“Most of our cases are not ‘black and white.’ They fall into gray areas that are not always easy to prove.” – Houston Law Enforcement Officer
The most common and perhaps obvious challenge to identifying victims of human trafficking for those in the field is the hidden nature of the crime. Many international victims are brought into the country illegally with traffickers using their illegal entry as a form of control. Such victims are usually unaware of their rights as victims. Meaning, they don’t understand United States laws or the English language. All these factors (among others) help to control the victim and keep the crime (and the victim) hidden. Both international and domestic victims are often kept isolated with no freedom of movement. Contact with the outside world is controlled by the trafficker and often limited to those working for the trafficker, other victims, and in the case of sex trafficking, the johns. Victims become dependent on the trafficker and may not even consider themselves to be victims; another factor making identification difficult.
While difficult to identify because of the hidden nature of the crime, many sectors of our community have the potential to come in contact with a victim of human trafficking. For example, we know victims of sex trafficking are at risk for the same types of injuries as victims of domestic violence and rape. They frequently contract sexually transmitted infections or become pregnant.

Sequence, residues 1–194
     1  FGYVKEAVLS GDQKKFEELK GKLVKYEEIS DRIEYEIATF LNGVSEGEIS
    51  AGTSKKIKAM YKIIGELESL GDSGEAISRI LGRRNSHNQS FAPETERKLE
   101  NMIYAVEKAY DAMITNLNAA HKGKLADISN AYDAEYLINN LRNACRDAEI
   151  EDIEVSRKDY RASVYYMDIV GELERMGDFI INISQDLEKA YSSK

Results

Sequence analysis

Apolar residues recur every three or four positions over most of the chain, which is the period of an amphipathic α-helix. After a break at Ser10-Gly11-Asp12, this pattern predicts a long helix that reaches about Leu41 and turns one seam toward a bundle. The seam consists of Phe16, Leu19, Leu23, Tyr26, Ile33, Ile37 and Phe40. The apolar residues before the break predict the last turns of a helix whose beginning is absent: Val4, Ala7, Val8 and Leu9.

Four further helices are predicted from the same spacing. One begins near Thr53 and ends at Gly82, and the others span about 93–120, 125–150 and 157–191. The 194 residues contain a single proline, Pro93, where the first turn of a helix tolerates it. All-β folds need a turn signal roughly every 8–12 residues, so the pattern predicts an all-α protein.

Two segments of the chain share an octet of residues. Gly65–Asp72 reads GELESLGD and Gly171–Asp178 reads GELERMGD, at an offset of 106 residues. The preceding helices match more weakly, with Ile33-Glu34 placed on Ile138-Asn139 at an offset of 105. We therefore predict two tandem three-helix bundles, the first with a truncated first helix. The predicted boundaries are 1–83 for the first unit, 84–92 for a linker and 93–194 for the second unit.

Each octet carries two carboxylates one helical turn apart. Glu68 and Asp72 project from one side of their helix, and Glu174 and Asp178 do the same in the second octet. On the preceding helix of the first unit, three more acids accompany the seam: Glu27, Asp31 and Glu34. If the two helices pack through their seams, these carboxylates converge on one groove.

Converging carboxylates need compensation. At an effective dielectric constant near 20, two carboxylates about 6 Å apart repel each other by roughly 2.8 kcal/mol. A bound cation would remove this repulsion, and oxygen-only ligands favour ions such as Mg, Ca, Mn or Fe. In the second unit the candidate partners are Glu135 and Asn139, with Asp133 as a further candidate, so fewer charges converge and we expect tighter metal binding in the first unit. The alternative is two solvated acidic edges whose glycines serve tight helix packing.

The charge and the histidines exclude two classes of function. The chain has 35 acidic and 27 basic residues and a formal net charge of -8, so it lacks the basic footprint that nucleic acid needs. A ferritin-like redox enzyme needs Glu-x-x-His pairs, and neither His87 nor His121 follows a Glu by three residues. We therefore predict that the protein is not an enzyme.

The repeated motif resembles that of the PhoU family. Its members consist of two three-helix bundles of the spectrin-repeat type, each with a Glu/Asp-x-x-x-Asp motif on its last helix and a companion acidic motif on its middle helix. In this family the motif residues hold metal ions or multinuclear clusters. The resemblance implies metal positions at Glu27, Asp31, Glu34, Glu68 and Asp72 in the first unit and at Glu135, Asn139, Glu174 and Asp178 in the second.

So it’s not surprising that law enforcement often ask clinics and emergency room personnel for help in identifying victims. Good citizens are also a great resource in identifying victims if they are little observant of their surroundings. Here are some questions to help identify a victim of human trafficking, created by the Houston Rescue and Restore Coalition (an non-profit organization dedicated to helping victims rebuild their lives):
- What type of work do you do?
- Are you being paid?
- Can you leave your job?
- Can you come and go as you please?
- Have you or your family been threatened?
- What is your working and living condition like?
- Where do you sleep and eat?
- Do you have to ask permission to eat/sleep/go to the bathroom
- Are there locks on your doors/windows that you cannot unlock?
- Has your identification or documentation been taken from you?
People are encouraged to call the National Human Trafficking Resource Center (NHTRC) to report any information about human trafficking; 1-888-3737-888. 24 Hours a day, 7 days a week.
Alright, not exactly possible to directly ask the questions above. So girls, next time you get your nails done, just pay attention to how the manager treats the employees when they think no one’s looking. Then, maybe ask that person (the employee helping you) if they like living in our city or if they get to visit their family back in their country; really pay attention to how they answer and their body language. Guys, y’all do the same when you get a haircut. Who knows what you might find out?